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The Invisible Boy Hardcover – October 8, 2013
"Enlightenment Now: The Case for Reason, Science, Humanism, and Progress"
Is the world really falling apart? Is the ideal of progress obsolete? Cognitive scientist and public intellectual Steven Pinker urges us to step back from the gory headlines and prophecies of doom, and instead, follow the data: In seventy-five jaw-dropping graphs, Pinker shows that life, health, prosperity, safety, peace, knowledge, and happiness are on the rise. Learn more
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From School Library Journal
K-Gr 2–Brian feels invisible. His teacher hardly notices him, the other kids never invite him to play, and he eats lunch alone. But he loves to draw, so at recess, he creates comics about greedy pirates, battling space aliens, and superheroes with the power to make friends everywhere. One day, a new boy, Justin, joins the class. The other children make fun of him for eating Bulgogi, a Korean dish, but Brian slips him a friendly note. When it is time to find partners for a class project, Justin asks Brian to join him and another boy. Brian's artistic talents come in handy, and finally he is no longer invisible. This is a simple yet heartfelt story about a boy who has been excluded for no apparent reason but finds a way to cope and eventually gains acceptance. Barton's scribbly illustrations look like something Brian may have made. Pencil sketches painted digitally are set against lots of white space, and sometimes atop a background of Brian's drawings on lined notebook paper. At the start of this picture book, Brian is shown in shades of gray while the rest of the world is in color, a visual reminder of his isolation. Color starts to creep in as he is noticed by Justin. Once he becomes part of the group, he is revealed in full color. The thought-provoking story includes questions for discussion and suggested reading lists for adults and children in the back matter. Pair this highly recommended book with Jacqueline Woodson's Each Kindness (Penguin, 2012) for units on friendship or feelings.–Martha Simpson, Stratford Library Association, CTα(c) Copyright 2013. Library Journals LLC, a wholly owned subsidiary of Media Source, Inc. No redistribution permitted.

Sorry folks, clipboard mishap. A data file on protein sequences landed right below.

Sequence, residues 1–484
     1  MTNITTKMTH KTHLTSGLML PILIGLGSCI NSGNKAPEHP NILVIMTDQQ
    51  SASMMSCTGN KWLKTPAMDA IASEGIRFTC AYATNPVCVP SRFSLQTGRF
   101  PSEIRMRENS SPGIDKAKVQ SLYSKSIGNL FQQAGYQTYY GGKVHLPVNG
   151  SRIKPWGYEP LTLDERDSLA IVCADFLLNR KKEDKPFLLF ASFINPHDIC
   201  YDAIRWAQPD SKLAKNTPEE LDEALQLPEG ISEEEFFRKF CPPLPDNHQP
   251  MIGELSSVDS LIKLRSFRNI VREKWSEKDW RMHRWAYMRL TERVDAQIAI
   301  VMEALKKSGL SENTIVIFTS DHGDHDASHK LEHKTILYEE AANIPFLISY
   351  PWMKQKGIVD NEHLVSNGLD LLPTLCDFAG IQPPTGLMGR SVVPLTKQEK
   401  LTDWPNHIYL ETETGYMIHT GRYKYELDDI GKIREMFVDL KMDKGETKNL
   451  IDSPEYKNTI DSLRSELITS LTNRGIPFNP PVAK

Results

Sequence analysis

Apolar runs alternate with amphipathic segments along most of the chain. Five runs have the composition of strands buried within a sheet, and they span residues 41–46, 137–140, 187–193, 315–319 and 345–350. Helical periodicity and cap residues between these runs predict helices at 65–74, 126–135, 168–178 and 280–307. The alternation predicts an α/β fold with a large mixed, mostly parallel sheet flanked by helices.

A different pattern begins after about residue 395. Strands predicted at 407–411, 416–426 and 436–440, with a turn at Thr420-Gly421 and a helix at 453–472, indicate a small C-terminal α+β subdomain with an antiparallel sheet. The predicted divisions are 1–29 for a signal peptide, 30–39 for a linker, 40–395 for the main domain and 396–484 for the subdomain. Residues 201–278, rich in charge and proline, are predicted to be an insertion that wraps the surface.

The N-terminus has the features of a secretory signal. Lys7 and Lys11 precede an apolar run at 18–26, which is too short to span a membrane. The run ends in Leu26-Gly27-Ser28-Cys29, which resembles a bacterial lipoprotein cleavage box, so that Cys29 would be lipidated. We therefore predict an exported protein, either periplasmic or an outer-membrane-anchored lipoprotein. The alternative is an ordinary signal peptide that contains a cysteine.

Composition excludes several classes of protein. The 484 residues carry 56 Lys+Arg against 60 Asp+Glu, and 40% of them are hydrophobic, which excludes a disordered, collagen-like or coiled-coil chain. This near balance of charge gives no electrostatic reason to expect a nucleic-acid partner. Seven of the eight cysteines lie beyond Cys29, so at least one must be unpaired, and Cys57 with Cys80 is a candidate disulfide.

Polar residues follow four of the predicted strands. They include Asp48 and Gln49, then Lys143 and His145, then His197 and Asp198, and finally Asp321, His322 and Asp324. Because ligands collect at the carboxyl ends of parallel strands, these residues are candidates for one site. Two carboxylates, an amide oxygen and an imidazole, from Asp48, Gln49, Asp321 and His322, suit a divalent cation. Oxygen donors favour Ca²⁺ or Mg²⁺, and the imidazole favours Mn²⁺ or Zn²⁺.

For the first half of Ludwig’s picture book, a lonesome-looking boy appears rendered in gray and white. Even the teacher has no time for “invisible” Brian, as she is busy dealing with the noisy children in her class. Brian, with his big glasses and toothy smile, gets his hopes dashed when he isn’t picked for the kickball team. He finds solace in his drawings, where fire-breathing dragons scale tall buildings and superheroes have the power to make friends. When new student Justin arrives, Brian befriends him when the others don’t, and they become buddies and even add a third boy to become a trio. Now visible in glorious color, Brian and his new friends present a project to their newly appreciative classmates. The joyful last pages show Brian with the children playing happily in real and imaginary activities. Brian’s childlike drawings, done in ink and collage, are spot-on in representing the way children depict their imaginary world and their very real feelings. “Questions for Discussion” in the back matter provide guidelines for teachers and parents. Preschool-Grade 2. --Lolly Gepson